Chris Craft teaches Spanish and Latin to sixth graders at Crossroads Middle School in Columbia, South Carolina. Having worked in technology-related jobs before becoming a teacher, Chris has actively sought to integrate computers into his classroom. He has his Spanish students using wikis (JotSpot and WetPaint) to explore the topic of immigration, and has set up a blog for each of his students using the Open Source program Drupal--which has allowed him a more tightly controlled environment for blogging.
Chris uses computers which were "resurrected from the trash heap." His only requirement was that they could connect to the Internet and run the Firefox web browser. His oldest machines he keeps running by installing the Linux operating system distribution Xubuntu. He applied early on to what is now Google Apps for Education and made sure each student had a Gmail account. His goal was to take his students from being "consumers" of Internet content to being "contributors," and to truly engage them.
When his students realized that there was an "audience" for their work, even just the audience of other students in the school, the quality of their work "absolutely skyrocketed." They went from "turning their work in" to "publishing it." One really fun project he has them do in Spanish class is to have the students work in teams to create a "radio commercial" on why it is important to learn another language. By using the Free and Open Source program Audacity for recording and editing, which even runs on an old computer with 64 MB of RAM, the students can put in special effects (like echoing) in the commercials.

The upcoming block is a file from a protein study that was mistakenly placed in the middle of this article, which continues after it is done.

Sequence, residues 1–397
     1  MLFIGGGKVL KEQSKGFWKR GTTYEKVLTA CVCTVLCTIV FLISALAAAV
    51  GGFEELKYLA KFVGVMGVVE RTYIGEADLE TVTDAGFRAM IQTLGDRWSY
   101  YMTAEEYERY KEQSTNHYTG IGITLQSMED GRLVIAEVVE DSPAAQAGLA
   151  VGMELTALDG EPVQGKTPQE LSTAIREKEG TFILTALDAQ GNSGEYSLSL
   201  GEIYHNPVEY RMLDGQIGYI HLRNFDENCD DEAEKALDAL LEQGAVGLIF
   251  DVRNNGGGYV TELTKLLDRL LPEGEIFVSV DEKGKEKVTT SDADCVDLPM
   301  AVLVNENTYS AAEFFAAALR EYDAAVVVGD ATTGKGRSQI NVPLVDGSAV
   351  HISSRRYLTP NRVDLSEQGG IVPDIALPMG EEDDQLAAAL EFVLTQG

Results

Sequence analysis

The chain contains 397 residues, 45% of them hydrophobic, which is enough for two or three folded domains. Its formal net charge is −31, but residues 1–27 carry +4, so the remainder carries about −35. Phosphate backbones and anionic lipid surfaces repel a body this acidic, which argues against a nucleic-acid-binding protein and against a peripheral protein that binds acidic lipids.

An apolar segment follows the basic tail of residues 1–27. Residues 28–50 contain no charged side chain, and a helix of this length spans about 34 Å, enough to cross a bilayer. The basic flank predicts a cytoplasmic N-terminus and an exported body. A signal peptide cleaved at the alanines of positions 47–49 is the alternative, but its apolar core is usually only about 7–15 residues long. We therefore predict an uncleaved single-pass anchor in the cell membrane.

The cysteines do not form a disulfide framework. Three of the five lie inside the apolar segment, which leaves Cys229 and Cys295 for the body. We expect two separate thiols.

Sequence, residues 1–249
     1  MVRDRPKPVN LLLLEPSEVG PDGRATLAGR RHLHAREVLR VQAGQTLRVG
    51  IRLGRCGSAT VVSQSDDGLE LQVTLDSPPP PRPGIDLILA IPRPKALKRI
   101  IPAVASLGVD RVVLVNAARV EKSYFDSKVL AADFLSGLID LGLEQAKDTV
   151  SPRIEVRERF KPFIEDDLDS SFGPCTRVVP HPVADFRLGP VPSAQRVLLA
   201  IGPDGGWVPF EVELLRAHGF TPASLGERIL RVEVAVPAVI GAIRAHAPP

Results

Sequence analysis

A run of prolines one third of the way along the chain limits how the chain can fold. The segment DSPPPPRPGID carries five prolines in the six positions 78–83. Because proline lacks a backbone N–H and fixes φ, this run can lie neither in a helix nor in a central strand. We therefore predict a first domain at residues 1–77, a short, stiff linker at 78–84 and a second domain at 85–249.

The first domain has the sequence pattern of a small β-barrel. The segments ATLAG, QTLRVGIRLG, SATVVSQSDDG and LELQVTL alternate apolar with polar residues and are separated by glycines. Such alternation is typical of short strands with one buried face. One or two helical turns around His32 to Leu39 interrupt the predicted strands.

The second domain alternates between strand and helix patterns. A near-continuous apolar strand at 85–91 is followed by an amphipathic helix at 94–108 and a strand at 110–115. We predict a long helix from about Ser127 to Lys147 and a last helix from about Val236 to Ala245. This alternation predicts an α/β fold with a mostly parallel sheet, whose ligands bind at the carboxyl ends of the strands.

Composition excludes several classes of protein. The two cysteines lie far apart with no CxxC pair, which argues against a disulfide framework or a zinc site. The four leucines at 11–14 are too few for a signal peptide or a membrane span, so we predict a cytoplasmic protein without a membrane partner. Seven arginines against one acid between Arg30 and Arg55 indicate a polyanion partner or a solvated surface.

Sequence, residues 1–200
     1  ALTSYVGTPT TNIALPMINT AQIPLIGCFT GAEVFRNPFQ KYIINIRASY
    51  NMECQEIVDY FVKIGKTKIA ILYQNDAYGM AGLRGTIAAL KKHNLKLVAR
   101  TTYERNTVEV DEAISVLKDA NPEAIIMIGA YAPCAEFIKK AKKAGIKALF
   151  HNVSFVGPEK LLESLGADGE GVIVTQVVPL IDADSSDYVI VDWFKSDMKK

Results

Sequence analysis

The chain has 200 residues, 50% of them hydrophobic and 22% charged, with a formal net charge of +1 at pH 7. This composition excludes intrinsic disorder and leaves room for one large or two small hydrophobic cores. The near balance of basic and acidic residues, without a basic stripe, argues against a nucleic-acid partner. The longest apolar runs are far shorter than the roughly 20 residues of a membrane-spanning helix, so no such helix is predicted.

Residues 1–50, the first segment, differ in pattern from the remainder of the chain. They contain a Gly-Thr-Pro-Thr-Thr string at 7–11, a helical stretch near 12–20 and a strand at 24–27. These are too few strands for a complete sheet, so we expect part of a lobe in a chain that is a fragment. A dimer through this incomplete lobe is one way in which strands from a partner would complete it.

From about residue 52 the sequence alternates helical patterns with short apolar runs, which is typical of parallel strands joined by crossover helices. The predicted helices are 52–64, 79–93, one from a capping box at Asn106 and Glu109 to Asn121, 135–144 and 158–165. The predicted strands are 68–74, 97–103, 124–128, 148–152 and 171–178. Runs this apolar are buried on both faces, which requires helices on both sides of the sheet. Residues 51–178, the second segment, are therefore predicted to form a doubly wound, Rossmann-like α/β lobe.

I asked Chris how the parents have reacted to his students active use of Internet technologies in class. He said that his kids had been talking so much about how much fun they were having in class with these technologies that his classroom was "standing-room only" for the school's open house--while other teachers later lamented how few parents had attend their classrooms. He walked his parents through the online privacy issues, and made sure that everyone was comfortable with what he was doing. He also showed them how to access his class blog, and taught the parents what an RSS feed is so that they could easily keep up with what was going on in class.
Listen to Chris talk more about his experience with me in EdTechLive.com's "Take 5."